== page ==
What does it mean to have a sustainable garden? To some, it means having a landscape that does everything possible to support the local ecosystem. To others, the concept is more nuanced and means a low-maintenance garden where no chemical interventions are used. Put simply, a sustainable landscape is one that is created and maintained using practices that cause little to no harm to the surrounding natural environment. These practices include fertilizing minimally and cultivating the soil as little as possible. When it comes to design considerations, a sustainable design should do the following:
• feature a wide variety of plants that provide habitats for beneficial insects and wildlife;
• include as many native plants as possible, including keystone species;
• be planted densely with layered beds to reduce weed competition and cut down on the need for mulch; and
• have plants grouped by conditional requirements to reduce water needs.
The following articles all feature spaces that were created with sustainability in mind. In this collection, you’ll find a primer on gravel gardens, which seek to minimize water usage and eliminate weed competition—all without any chemical or manual intervention. There is also a compelling profile on a garden designed with wildlife in mind. The layered beds here are stunning to the humans who live on-site and provide practical shelter and nesting habitats for birds. There are even tips for making your garden more amphibian-friendly. If you’re wondering how to best utilize native plants in your design, I highly recommend reading author Kelly Norris’s take on “ecological generalists” and their role in the landscape in “How to Create an Ecologically Vibrant Garden.” Finally, if you are interested in recreating the lush, abundant borders made famous by garden designer Piet Oudolf, read about his process that is both suitable and beautiful in “A Naturalistic Garden Is Better for the Environment and Requires Less Work.” If you’re looking to enhance your design in an environmentally responsible way, read on.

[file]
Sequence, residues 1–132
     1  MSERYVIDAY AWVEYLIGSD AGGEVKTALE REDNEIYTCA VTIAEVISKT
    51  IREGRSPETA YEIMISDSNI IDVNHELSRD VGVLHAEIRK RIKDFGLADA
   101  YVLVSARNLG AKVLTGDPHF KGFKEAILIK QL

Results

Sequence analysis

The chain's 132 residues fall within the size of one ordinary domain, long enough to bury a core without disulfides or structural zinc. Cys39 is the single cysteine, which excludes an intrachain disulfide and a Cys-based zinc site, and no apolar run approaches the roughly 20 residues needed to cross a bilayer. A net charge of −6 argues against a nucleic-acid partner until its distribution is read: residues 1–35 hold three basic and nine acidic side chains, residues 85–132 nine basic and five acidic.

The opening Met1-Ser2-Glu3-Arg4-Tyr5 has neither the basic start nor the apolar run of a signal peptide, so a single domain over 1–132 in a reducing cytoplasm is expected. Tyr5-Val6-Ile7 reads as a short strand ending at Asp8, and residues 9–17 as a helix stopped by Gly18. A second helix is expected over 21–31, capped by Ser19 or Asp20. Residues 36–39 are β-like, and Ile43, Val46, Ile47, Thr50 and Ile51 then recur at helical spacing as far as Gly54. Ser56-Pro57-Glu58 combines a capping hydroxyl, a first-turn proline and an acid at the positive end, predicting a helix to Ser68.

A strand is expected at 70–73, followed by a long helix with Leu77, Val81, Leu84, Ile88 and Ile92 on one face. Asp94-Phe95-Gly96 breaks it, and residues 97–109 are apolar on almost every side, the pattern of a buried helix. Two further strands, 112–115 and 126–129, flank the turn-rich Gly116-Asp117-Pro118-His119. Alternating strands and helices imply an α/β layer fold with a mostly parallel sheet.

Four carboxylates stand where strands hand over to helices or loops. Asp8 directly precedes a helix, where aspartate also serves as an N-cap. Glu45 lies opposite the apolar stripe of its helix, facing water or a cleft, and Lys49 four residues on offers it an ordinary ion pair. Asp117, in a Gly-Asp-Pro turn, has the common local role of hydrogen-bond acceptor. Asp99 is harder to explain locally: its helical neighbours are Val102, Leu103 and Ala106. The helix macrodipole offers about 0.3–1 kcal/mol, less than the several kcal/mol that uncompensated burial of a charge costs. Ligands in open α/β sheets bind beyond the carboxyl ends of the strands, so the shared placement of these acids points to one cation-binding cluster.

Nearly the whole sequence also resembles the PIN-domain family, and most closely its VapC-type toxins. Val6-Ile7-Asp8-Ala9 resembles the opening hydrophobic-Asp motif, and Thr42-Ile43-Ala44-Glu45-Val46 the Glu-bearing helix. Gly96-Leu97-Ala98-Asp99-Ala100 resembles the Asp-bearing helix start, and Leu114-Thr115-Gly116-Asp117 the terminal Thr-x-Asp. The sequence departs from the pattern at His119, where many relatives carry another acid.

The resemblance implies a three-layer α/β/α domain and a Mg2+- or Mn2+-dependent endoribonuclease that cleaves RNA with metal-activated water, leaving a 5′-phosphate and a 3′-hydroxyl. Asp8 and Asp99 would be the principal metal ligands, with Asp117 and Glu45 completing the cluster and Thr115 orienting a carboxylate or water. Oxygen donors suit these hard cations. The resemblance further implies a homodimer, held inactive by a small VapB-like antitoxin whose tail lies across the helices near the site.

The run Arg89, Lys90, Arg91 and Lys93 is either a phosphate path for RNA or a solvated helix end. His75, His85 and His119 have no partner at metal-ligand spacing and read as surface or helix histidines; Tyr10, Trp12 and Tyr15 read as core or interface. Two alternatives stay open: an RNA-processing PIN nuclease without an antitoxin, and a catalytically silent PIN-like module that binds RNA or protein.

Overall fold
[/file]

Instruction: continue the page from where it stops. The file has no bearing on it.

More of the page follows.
Article source: www.finegardening.com